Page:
Good luck, and have fun riding two-up!  I don't get to very often, but it's a wonderful experience.  If I can offer any advice, it's to make sure she understands that she has nearly as much control over the bike's direction as you do.  For instance, don't be surprised when she turns her head to look at the passing scenery, that the bike will turn in the direction she's looking.  I guess what I'm saying is, it takes a lot more effort at the controls just to go straight.  Best thing you can do is keep speeds low and build them up as your confidence (and hers) builds.  Have fun and be safe!

-Rick



Excellent work, I have never ridden with a passenger, and now my girlfriend and I decided that we will give it a go. We are going to go for a ride around the block when I get home from work, we live in the country so that means about 5 miles. See how she feels, and more importantly, see how I feel. She is a big girl and I ride a VFR so she should be comfortable. When I say big I dont mean big around, she is 5'10 with long legs. Also I have explained to her that I am scared to death and I dont want her to get hurt so I told her to get her own bike lol, but thats not going to happen, we may love it and take some longer rides!!!

I made her read your post and she learned quite a bit, I know I certainly did!!!

Thank you again!!!

Mark
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« Reply #56 on: August 07, 2008, 11:27:11 pm »

Since few have shared their stories, i thought i might share mine from few months ago, A buddy of mine had a GSXR600, the way the tank was shaped, it made very good handles.  He thought he would give me a ride around the block so i can feel how the 600 rides.  I was "frozen" on the seat.  No movement, just hold on to the tank and dont move. I was pretty comfortable since i was holding on to the bike instead of a person that moves and he said i didnt throw his balance off one bit.  I gues handles on a bike are not a bad idea but then if something happens to the passenger you will see this with out the driver knowing.

http://i141.photobucket.com/albums/r46/Motorbiker_photos/NewsPics/oldNewsPics2/The-Bitch-If-you-can-read-this.jpg
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« Reply #57 on: October 07, 2008, 01:32:35 pm »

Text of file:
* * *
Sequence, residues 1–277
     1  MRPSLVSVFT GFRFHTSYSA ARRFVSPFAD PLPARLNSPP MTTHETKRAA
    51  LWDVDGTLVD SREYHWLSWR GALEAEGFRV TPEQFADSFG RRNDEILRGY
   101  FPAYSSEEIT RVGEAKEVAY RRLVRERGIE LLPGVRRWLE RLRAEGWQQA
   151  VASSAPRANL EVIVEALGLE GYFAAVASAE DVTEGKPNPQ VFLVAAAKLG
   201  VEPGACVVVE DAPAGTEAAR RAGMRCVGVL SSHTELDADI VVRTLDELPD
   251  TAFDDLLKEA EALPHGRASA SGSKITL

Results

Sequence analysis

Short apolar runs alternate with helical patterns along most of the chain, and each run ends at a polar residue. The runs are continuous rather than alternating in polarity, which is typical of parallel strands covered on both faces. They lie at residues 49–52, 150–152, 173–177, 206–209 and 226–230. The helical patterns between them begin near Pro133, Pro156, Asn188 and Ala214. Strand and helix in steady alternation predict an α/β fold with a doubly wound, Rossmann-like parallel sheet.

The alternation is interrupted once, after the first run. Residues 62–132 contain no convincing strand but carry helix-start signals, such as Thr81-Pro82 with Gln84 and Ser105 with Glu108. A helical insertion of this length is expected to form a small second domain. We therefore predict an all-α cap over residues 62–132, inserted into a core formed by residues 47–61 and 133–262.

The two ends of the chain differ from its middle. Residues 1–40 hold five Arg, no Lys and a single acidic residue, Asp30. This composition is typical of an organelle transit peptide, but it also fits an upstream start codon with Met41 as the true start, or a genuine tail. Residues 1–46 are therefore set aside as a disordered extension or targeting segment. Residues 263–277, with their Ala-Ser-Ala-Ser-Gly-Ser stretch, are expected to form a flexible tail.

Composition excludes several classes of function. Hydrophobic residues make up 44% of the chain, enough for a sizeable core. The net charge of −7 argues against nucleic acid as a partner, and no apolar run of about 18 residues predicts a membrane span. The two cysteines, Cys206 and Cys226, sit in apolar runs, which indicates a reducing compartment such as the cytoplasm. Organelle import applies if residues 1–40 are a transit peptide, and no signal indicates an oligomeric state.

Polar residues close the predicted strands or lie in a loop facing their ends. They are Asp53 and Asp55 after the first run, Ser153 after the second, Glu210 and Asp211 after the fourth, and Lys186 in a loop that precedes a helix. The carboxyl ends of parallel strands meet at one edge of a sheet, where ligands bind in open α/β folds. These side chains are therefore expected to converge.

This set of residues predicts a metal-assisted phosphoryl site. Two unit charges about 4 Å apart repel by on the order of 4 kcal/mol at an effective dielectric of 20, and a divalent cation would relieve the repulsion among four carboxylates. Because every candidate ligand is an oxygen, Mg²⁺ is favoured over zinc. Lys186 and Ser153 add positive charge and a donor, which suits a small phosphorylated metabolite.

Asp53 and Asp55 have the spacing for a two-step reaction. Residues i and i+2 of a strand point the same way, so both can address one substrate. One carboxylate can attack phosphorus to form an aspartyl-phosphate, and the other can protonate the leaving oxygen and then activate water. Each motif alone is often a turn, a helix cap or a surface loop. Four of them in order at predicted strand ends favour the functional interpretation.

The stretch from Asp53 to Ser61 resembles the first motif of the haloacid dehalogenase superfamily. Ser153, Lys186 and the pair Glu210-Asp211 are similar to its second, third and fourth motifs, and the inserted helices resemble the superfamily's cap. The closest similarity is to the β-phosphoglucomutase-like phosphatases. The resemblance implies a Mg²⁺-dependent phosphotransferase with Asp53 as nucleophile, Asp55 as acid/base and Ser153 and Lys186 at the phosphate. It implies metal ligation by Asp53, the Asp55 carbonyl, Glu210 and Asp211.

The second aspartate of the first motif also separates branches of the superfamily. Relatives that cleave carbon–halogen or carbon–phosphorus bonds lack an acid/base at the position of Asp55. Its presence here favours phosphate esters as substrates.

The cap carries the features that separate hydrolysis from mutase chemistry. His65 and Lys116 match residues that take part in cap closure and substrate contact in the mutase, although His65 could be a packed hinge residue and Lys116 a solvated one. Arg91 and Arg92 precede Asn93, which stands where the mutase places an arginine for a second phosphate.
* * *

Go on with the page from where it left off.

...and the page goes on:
The passenger must squeeze the rider with her legs!  Just as the rider should squeeze the tank with his.

That is something I learned recently and after carrying passengers for years without feeling safe or comfortable, completely changed the joy of the ride.  My gf and I did almost 300 miles on one of her first rides through twisty mountain roads.  I could barely tell she was there.  Try it!
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« Reply #58 on: January 03, 2009, 10:56:09 pm »

Lots of good informaiton on here...If someone hasn't riden two-up before, this WILL definately help. It's funny that they mention the Pillion has their ambassador duties. She does just that, waves to the people and she loves giving the sign to the passing riders  Smile.
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« Reply #59 on: April 07, 2009, 05:51:54 pm »

Although I've ridden many miles 2-up with good, bad and (no ugly) Pillion's,
I prefer not to for the simple reason that it's one more huge set of variables on an already unstable condition.
I can feel it in the bike when my pillion simply moves a hand up to her face to scratch her nose.
I do it, but don't really like riding 2-up, plus I think it's the mental thing that I'm
totally responsible here for another life besides my own.

my GF has her own bike, but trying to talk her into getting a bigger more ST friendly one
so we can tour and camp and enjoy the road + experience together.
Two bikes beef up the comfort level of a campsite shared by two, also.